Long-Term DPP-4 Inhibitor Use Not Associated With Fracture Risk in Type 2 Diabetes
Fracture risk is not increased with long-term DPP-4 inhibitor use in type 2 diabetes.
HealthDay News -- For patients with type 2 diabetes, long-term use of dipeptidyl peptidase-4 (DPP-4) inhibitors is not associated with fracture risk, according to a study published in Diabetes, Obesity and Metabolism.
J.H.M. Driessen, from Utrecht Institute of Pharmaceutical Sciences in the Netherlands, and colleagues examined the correlation between long-term DPP-4 inhibitor use and fracture risk in a retrospective population-based cohort study using data from the Clinical Practice Research Datalink database (2007 to 2015). Data were included for 328,254 patients with at least 1 prescription for a non-insulin antidiabetic drug.
The researchers observed no correlation for current DPP-4 inhibitor use with risk of any fracture (adjusted hazard ratio: 0.99; 95% CI, 0.93-1.06) compared with current other non-insulin antidiabetic drug use. There was no correlation seen for current DPP-4 inhibitor use with risk of osteoporotic or hip fracture. After stratification by continuous duration of DPP-4 inhibitor use there was no correlation noted for the highest category of use with any, osteoporotic, or hip fracture.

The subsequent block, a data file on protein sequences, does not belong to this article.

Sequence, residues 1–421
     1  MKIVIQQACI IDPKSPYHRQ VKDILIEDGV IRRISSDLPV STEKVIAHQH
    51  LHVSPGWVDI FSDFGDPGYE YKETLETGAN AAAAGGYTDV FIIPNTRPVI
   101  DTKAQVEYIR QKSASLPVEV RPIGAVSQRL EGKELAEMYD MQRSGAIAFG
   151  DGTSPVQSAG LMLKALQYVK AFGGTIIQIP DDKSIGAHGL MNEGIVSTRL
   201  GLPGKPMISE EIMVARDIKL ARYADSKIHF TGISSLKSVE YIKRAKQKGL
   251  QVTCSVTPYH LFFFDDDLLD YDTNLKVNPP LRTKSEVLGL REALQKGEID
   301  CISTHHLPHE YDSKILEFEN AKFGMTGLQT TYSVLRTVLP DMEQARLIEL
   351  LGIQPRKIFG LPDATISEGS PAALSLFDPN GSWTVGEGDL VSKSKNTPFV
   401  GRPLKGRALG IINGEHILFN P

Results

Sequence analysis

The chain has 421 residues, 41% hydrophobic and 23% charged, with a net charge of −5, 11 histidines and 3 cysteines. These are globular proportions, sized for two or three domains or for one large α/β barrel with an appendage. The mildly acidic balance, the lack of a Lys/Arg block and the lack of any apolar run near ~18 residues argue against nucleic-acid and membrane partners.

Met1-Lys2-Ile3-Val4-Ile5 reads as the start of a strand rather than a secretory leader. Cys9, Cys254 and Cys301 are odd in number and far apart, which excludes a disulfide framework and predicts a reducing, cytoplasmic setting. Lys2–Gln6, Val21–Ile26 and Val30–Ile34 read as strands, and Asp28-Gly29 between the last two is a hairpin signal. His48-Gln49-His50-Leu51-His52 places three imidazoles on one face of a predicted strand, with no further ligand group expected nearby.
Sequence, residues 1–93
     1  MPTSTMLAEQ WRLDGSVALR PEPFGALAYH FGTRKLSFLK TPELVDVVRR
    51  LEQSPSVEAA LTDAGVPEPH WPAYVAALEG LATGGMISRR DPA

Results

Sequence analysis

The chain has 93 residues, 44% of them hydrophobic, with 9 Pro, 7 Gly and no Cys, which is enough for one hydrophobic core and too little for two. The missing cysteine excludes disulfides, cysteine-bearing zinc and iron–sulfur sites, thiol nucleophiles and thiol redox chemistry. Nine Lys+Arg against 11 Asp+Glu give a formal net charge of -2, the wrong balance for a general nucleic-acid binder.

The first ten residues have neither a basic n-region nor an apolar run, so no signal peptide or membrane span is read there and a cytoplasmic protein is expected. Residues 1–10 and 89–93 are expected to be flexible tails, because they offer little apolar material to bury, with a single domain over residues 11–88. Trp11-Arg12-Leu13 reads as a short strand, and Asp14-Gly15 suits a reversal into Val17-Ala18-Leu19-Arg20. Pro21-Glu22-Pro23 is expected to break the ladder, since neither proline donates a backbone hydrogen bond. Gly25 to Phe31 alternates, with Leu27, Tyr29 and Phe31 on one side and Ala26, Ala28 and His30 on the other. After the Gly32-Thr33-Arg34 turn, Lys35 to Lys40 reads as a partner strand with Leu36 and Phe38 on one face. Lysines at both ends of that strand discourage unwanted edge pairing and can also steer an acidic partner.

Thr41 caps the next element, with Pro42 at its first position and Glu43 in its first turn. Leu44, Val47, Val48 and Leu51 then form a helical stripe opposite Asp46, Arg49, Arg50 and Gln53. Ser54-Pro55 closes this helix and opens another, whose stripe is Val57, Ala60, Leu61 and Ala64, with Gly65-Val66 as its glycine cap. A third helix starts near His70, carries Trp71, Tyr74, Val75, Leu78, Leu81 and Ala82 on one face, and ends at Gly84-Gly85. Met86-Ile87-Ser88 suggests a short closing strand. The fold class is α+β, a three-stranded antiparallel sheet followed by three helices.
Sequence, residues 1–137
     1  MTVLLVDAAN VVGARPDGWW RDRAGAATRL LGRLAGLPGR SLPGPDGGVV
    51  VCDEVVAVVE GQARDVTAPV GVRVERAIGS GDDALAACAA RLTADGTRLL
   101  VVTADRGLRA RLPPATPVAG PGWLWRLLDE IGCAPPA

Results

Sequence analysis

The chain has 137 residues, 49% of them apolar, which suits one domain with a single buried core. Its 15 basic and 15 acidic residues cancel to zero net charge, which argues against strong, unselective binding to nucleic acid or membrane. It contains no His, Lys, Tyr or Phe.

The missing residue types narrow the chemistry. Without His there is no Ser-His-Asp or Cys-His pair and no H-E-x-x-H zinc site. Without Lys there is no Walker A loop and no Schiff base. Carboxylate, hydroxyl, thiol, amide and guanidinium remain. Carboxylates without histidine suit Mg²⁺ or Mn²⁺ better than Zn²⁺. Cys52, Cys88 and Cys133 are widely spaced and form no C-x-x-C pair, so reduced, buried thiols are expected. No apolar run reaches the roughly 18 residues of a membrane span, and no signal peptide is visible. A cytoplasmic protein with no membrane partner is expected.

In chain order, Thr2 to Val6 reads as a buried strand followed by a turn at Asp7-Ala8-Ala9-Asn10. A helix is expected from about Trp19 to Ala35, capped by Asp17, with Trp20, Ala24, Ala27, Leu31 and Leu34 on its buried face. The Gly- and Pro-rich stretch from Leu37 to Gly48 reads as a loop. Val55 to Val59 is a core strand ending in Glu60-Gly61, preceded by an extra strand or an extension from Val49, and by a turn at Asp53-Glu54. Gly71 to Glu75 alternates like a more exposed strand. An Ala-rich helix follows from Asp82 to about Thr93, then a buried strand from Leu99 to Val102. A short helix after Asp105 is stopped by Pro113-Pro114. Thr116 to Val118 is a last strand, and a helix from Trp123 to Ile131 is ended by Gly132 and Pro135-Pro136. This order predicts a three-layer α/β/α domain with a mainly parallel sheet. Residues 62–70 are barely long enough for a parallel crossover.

"These findings may be of value for clinical decisions regarding treatment of [type 2 diabetes] patients, especially those at high fracture risk," the researchers wrote.
Disclosures: Several authors disclosed financial ties to the Division of Pharmacoepidemiology & Clinical Pharmacology, which received funding from institutions and industry, including pharmaceutical companies.
- Driessen JHM, van den Bergh JPW, van Onzenoort HAW, Henry RMA, Leufkens HGM, de Vries F. Long-term use of dipeptidyl peptidase-4 inhibitors and risk of fracture; a retrospective population-based cohort study [published online December 10, 2016]. Diabetes Obes Metab. doi:10.1111/dom.12843.